Hello everybody. I'm designing a contemporary, Elzevier-inspired serif typeface and now I've come to a rather interesting point—old-style figures. Normally you'd expect a stressless zero that's almost monolinear, but that it relevant for the basic "Regular-Bold-Italic-Bold Italic" model. I have a Light and a Black master—that's a kind of a problem, because in black, such monolinear stressless zero is too light and too out of style. I suppose that I could use other solutions for old-style zero such as bottom point raised above the baseline and/or reversed stress. What do you think?
Well, the contours are yet nowhere near to the final release quality, but for now I need at least to elaborate the ideas of the glyphs.
That makes it harder to judge things like the size/effectiveness of the oldstyle zero, although the design direction seems viable.
My own preferred form of the OS zero is where the left side is thick while the rest is thin. Example: http://www.identifont.com/samples/berthold/Whittingham.gif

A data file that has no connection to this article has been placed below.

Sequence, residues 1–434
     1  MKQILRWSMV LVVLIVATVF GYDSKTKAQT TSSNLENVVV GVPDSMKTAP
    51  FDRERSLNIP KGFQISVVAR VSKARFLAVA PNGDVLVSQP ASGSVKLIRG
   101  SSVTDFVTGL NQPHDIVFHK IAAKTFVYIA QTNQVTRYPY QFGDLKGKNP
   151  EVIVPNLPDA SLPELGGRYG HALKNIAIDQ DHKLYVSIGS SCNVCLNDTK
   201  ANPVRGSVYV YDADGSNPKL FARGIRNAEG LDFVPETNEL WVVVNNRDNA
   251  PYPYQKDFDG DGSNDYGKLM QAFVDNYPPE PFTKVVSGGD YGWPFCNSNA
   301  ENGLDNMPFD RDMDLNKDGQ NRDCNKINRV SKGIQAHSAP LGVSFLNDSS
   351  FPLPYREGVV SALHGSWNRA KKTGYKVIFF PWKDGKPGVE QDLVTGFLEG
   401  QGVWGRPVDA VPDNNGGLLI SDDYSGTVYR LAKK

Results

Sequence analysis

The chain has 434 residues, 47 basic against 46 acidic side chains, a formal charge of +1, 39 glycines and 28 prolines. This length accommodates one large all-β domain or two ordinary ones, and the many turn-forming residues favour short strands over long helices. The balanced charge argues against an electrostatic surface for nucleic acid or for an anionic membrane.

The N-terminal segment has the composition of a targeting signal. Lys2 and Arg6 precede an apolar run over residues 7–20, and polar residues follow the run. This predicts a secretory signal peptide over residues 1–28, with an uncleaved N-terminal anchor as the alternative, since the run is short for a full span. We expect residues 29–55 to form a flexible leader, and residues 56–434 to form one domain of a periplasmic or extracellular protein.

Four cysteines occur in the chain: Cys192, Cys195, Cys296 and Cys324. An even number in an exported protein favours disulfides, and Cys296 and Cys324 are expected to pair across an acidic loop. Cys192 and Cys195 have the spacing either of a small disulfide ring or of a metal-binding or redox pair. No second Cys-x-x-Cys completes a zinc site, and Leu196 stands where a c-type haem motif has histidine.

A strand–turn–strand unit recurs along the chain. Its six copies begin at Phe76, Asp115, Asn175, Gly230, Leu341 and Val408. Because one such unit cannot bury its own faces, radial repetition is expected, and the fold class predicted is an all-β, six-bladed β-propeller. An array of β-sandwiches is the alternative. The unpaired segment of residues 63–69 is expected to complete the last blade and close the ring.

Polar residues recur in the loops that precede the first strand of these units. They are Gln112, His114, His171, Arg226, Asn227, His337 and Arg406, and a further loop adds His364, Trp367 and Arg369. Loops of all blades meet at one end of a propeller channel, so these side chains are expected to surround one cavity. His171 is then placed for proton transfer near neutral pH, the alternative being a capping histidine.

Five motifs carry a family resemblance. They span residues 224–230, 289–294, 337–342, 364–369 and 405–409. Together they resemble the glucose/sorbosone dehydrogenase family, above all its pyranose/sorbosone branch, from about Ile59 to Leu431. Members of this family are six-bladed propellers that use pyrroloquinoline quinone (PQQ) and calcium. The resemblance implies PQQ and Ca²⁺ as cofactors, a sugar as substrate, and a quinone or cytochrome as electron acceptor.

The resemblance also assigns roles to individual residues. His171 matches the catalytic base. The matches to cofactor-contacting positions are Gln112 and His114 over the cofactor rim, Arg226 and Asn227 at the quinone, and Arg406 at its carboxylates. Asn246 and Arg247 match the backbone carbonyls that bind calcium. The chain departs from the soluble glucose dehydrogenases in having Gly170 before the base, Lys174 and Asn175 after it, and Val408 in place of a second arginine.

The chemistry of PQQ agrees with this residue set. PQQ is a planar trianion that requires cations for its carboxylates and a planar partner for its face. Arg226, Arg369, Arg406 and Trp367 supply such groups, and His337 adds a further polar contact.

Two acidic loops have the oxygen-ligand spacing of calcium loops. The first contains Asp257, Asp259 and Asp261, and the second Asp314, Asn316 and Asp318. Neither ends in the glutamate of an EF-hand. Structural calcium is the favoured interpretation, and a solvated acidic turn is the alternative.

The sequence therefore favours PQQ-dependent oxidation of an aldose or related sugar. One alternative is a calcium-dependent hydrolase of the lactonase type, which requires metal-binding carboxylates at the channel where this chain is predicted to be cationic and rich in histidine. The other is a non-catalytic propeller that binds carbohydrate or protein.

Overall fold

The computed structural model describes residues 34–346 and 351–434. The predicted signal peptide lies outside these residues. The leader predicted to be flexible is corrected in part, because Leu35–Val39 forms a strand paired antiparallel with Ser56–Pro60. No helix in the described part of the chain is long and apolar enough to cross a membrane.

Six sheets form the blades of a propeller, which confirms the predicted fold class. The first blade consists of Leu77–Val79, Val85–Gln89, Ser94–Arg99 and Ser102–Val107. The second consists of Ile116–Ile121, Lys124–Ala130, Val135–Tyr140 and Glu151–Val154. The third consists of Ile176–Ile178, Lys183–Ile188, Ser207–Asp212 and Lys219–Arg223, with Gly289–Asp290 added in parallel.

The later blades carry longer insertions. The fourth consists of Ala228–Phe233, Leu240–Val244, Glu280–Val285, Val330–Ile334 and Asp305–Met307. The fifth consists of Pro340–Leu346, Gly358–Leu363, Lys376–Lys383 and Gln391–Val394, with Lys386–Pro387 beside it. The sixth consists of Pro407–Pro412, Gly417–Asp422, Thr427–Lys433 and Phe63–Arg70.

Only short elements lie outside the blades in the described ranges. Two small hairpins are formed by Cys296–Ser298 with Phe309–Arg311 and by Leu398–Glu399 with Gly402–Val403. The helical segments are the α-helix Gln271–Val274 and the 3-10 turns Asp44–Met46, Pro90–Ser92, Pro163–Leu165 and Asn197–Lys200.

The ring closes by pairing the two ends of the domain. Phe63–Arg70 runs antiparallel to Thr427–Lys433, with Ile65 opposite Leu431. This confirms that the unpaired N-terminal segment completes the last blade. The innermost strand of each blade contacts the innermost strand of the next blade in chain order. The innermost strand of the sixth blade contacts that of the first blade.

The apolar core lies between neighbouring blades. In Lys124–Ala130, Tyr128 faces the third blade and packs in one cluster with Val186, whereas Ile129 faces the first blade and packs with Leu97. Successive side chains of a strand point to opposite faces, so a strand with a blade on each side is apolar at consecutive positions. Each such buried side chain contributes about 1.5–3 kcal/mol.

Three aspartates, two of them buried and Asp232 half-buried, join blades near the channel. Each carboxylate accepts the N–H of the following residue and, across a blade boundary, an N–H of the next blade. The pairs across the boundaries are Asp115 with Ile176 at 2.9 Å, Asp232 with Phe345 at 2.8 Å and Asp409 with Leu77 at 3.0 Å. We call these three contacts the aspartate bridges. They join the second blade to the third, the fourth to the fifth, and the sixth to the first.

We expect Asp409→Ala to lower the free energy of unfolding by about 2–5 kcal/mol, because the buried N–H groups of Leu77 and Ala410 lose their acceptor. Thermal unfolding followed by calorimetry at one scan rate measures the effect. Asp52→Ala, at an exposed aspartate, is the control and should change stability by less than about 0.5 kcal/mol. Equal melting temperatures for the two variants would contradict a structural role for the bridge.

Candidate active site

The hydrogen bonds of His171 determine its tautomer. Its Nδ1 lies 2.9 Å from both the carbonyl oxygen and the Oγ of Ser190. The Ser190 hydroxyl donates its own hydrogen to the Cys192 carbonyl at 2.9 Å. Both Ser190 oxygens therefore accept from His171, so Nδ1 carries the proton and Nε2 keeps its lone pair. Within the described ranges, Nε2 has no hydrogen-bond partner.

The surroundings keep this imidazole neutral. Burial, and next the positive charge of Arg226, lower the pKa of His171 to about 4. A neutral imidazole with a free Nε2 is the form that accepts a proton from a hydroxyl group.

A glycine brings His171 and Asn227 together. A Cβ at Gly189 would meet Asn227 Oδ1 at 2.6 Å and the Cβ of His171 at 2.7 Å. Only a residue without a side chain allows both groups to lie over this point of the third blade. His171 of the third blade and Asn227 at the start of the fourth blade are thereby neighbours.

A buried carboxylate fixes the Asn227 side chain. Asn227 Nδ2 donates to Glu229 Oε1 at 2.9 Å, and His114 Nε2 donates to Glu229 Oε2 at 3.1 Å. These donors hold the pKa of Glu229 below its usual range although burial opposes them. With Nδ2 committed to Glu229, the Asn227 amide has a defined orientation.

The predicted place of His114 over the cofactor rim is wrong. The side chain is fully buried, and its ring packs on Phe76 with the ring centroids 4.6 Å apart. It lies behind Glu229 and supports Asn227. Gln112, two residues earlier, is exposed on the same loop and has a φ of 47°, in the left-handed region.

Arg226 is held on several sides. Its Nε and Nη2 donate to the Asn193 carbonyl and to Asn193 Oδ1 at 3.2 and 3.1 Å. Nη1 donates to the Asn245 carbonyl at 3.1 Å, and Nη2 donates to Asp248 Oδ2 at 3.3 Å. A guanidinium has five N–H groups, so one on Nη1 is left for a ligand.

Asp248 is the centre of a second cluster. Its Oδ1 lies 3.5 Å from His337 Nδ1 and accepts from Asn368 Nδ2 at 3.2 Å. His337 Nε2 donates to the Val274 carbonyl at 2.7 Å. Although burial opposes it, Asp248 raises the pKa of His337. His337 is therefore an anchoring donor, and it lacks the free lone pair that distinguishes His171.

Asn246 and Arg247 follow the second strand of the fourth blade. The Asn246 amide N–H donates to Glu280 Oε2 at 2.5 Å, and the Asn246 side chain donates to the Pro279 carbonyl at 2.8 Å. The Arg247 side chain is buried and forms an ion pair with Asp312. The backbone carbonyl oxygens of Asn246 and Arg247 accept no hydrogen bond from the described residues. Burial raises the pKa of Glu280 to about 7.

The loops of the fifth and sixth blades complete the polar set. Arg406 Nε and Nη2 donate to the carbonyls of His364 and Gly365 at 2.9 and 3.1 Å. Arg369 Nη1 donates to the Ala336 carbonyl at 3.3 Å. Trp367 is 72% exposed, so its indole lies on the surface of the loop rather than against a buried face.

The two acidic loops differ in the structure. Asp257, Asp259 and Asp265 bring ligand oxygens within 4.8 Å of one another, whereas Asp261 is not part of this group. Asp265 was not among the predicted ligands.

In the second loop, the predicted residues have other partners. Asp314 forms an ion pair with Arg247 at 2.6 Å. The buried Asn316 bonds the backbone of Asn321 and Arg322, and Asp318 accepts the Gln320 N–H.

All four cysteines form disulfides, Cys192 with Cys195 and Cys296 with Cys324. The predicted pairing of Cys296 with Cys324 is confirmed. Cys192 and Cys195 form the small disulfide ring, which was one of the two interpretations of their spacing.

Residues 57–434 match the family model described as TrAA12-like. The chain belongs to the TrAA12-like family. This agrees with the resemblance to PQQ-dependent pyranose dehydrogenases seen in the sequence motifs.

Hrant H. Papazian said: That's an interesting idea, I think I'll try it as well. Although its for modern serif and I've got transitional one, I think it's better to design all possible versions and then to choose.
I originally designed the Brill text 0 with the heavy side on the left, but was unhappy with how feeble it made 00 look at the end of a number. Since 0 occurs at the end of a sequence far more commonly than at the beginning, this seemed better, at least in this typeface. [With regard to historicism, both forms occur in 17th and 18th Century writing manuals, but the form with the heavy stroke on the left is much more common.]
Of course, if one cares about consistency in modulation patterns, this form of 0 is only viable in typefaces with this kind of pattern. If you're building a typeface design around a modulation pattern that doesn't involve this model of thinning and thickening, this form will stand out at least as weirdly as a monoline 0.
[See how I did all that without mentioning the word 'stroke', Hrant. Just for you.]
Certainly in a monoline design a contrasty zero is rarely good, but to me no worse than the classical "thin ring" model.